It’s that question we get every year: Is the new stuff really better than last year’s stuff? The answer is a without hesitation “yes.” That said, if you bought a new driver or set of irons or wedges or putter last year, it might not be instantly recognizable. Fact is, seismic shifts in golf equipment are few, the result of the fact that pretty much everything the past few years has been pretty dang excellent. However if you haven’t upgraded your clubs in four or five years or—heaven help you, longer—the chances of you seeing significant improvement is strong.
Golfers are getting better and equipment technology is the reason. That might manifest itself in better scores or a lower handicap. It might be in the form of more quality shots more often. Or it might come from a less-skilled player getting more enjoyment from the game because they are finally getting the ball in the air and moving it down the fairway. If you haven’t changed your clubs in several years we know the reasons. “I’m not good enough” or “None of that equipment helps average golfers all that much.” Then there’s the one we dislike the most, “I’m doing just fine with what I’ve got.” Unfortunately, not really. We’ve learned over the years that equipment is designed to help average players more than tour players, and the designs today are aimed at helping the mis-hit more than the Sunday punch. In other words, the game can be made easier. Not easy, but easier. And who doesn’t want that, especially when a case can be made that it’s happening across every section of your bag.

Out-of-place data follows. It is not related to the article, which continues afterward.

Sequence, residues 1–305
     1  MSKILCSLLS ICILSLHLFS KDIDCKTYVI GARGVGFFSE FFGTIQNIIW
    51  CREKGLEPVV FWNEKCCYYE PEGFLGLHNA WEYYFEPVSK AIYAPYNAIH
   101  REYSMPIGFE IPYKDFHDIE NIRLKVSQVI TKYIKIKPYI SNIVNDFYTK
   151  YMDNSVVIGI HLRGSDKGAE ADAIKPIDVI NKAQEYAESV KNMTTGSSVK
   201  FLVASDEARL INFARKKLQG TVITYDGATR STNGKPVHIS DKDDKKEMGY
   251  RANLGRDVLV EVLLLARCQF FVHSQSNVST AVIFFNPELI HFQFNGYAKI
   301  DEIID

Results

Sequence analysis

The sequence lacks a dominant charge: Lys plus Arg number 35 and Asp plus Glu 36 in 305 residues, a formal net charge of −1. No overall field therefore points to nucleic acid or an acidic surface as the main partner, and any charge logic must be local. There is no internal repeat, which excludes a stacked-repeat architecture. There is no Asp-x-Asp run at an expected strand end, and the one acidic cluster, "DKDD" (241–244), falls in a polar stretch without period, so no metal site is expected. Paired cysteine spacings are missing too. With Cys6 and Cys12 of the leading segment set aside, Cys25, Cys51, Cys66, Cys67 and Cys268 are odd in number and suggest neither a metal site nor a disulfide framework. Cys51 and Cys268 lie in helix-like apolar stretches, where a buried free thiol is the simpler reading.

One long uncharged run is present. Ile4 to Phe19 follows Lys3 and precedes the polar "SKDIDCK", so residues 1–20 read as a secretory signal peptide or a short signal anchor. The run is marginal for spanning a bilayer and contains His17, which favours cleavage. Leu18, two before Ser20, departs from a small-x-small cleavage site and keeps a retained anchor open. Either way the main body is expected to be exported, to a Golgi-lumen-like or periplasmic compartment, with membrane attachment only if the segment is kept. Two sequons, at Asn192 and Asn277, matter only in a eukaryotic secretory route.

The fastest growing segment of the iron business—it’s expanded ten-fold in the last decade—has broad appeal because it accomplishes what every golfer wants most: extra distance and higher flight in a shape that’s as sexy sleek as any player’s blade. These latest models offer us shining examples of that delicate but successful dance between the flame-throwing horsepower of high-strength steel faces that flex more as they wrap around the sole and or topline, and the mysterious cushioning compounds and structural supports that trick these fast-faced designs into providing the buttery feedback of old-school, one-piece forgings.